Albert Mark Fransen, Jr.

Rank/Branch: E4/US Navy

Unit: Commander Coastal Division 15

Date of Birth: 09 November 1944 (Clinton OK)

Home City of Record: Las Vegas NV

Date of Loss: 02 July 1969

Country of Loss: South Vietnam/Over Water

Loss Coordinates: 125029N 1092706E (CQ320200)

Status (in 1973): Killed/Body Not Recovered

Category: 5

Aircraft/Vehicle/Ground: Boat (PCF 87)

Other Personnel in Incident: (none missing)

Source: Compiled by Homecoming II Project 30 April 1990 from one or more of the following: raw data from U.S. Government agency sources, correspondence with POW/MIA families, published sources, interviews.

SYNOPSIS: Engineman Petty Officer Third Class Albert M. Fransen, Jr. was assigned to Commander Coastal Division 15. On July 2, 1969, he was onboard a swift boat (PCF-87) which was conducting harassment and interdiction fire about 50 miles south of Qui Nhon, South Vietnam, when the boat was hit by an 81mm mortar round.

Petty Officer Fransen was killed by wounds inflicted by the mortar. Navy information provides no further details of the boat or the rest of the crew. It only states that Fransen could not be found. He was listed Killed in Action, Body Not Recovered (KIA/BNR).

Petty Officer Fransen is listed among the missing because his body was never located to return home for burial. There is no doubt that he is dead. He is among over 3000 Americans who were prisoner, missing or unaccounted for when the war ended.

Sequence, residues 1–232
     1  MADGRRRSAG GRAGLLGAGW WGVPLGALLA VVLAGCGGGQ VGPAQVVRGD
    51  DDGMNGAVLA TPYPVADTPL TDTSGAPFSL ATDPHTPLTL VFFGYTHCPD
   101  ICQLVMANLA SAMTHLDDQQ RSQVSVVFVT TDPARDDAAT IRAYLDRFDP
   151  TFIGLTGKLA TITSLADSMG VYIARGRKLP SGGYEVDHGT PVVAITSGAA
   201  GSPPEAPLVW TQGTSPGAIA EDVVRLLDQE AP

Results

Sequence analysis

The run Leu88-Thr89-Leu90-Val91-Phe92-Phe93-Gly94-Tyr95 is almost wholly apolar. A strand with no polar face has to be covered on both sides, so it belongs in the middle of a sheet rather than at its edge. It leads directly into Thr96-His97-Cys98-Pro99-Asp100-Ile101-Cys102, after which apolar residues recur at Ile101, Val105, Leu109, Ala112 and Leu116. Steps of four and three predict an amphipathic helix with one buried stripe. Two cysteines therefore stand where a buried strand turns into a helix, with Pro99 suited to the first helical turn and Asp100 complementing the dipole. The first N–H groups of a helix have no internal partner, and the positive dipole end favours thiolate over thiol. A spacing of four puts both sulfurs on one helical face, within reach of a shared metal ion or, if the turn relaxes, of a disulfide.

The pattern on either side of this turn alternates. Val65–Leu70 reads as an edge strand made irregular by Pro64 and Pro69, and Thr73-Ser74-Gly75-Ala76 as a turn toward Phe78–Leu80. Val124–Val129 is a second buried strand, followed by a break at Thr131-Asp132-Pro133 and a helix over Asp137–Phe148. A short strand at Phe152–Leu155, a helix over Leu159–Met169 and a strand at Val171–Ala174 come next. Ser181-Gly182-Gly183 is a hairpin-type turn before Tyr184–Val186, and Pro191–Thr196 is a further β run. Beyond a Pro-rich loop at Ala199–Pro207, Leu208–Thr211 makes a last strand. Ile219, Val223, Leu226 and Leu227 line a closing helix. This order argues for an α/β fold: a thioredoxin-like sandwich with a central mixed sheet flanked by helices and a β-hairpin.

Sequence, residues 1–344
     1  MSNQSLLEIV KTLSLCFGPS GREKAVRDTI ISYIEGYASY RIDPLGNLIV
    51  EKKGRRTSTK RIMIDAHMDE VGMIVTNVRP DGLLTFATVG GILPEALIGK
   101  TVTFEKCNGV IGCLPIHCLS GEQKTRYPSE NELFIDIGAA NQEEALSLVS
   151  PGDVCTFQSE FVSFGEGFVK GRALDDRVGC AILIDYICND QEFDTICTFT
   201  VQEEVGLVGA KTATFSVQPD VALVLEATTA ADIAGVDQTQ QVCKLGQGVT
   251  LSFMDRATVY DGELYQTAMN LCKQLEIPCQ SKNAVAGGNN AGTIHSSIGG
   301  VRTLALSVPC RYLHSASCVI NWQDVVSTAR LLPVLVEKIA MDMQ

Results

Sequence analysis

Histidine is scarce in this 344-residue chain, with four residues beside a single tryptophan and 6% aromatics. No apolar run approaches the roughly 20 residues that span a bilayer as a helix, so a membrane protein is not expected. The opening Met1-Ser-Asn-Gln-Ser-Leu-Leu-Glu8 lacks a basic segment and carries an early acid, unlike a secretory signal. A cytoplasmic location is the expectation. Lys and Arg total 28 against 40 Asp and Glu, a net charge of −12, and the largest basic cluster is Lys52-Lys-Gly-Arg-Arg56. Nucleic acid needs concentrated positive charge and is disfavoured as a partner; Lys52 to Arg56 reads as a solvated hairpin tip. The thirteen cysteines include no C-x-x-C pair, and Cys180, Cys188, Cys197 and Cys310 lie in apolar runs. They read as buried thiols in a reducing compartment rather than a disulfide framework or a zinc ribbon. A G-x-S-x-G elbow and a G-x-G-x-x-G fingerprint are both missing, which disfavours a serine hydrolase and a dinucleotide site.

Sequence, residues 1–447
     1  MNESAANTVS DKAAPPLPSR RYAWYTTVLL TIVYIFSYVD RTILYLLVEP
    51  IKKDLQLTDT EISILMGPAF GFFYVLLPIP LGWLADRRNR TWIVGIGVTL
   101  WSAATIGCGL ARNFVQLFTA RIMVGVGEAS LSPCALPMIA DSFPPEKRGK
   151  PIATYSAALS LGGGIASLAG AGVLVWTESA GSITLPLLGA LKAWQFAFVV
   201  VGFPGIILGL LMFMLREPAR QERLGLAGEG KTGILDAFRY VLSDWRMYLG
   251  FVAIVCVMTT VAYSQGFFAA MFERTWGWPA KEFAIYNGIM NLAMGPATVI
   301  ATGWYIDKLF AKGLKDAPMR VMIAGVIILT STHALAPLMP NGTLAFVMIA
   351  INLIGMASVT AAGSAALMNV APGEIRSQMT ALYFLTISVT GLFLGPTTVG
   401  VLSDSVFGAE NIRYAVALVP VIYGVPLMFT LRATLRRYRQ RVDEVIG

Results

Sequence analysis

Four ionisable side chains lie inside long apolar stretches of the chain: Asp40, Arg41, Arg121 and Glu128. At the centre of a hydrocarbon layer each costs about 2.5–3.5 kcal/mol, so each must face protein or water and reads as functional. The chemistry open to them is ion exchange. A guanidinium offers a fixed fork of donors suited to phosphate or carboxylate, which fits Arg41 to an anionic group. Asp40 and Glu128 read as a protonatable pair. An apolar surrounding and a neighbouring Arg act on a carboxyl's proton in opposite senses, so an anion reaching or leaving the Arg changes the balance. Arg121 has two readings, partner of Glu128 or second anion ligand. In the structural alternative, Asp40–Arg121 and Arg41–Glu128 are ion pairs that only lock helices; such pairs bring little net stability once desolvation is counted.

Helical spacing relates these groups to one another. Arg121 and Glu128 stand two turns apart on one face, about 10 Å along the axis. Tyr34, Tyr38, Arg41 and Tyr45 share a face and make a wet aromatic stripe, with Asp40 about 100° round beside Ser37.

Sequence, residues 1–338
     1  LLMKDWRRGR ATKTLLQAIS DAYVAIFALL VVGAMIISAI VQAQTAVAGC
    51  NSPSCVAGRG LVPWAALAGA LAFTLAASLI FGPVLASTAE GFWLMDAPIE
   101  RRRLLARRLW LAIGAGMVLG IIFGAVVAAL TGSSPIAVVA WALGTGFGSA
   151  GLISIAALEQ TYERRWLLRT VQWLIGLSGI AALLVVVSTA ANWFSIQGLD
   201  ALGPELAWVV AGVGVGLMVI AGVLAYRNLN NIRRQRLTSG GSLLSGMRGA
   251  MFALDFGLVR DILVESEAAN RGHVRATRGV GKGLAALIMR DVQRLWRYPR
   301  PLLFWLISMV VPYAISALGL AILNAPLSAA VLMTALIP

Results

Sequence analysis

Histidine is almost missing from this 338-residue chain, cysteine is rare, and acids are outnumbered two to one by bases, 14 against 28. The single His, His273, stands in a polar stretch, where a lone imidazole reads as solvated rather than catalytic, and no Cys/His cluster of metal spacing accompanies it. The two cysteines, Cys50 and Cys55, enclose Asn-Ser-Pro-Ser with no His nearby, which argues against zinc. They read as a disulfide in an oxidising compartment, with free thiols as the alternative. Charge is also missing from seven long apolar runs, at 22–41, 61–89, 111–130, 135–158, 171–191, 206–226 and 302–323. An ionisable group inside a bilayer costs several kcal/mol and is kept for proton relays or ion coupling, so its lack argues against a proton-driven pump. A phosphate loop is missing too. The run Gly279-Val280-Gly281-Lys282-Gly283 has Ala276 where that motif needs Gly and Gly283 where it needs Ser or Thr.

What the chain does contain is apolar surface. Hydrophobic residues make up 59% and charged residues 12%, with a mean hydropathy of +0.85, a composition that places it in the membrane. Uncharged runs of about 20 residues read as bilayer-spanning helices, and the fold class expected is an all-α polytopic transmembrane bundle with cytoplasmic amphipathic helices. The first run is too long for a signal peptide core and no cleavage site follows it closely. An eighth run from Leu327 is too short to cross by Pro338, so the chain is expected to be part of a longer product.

Others who are missing do not have such clear cut cases. Some were known to be captives; some were photographed as they were led by their guards. Some were in radio contact with search teams, while others simply disappeared.

Since the war ended, over 250,000 interviews have been conducted with those who claim to know about Americans still alive in Southeast Asia, and several million documents have been studied. U.S. Government experts cannot seem to agree whether Americans are there alive or not. Distracters say it would be far too politically difficult to bring the men they believe to be alive home, and the U.S. is content to negotiate for remains.

Over 1000 eyewitness reports of living American prisoners were received by 1989. Most of them are still classified. If, as the U.S. seems to believe, the men are all dead, why the secrecy after so many years? If the men are alive, why are they not home?

I cannot emphasize enough how important it is to keep pushing this issue inside the Beltway, the need to get specific answers is more important now than ever before. If still alive, some MIAs are now in their 70s, they don't have much time left. We have to demand the answers from the bureaucrats and keep standing on their necks (figuratively speaking) until they get the message that THEY work for US and that we are serious about getting these long overdue responses. Diplomatic considerations aside, we can no longer allow questionable protocols established by pseudo-aristocratic armchair strategists, to determine or influence the fate of the men who were in the trenches while the diplomats were sharing sherry and canapés and talking about "Their Plans" for the future of SE Asia.

My letter to help bring our men and women home.
The family of Albert Fransen has the right to know where he is. Where are our missing.

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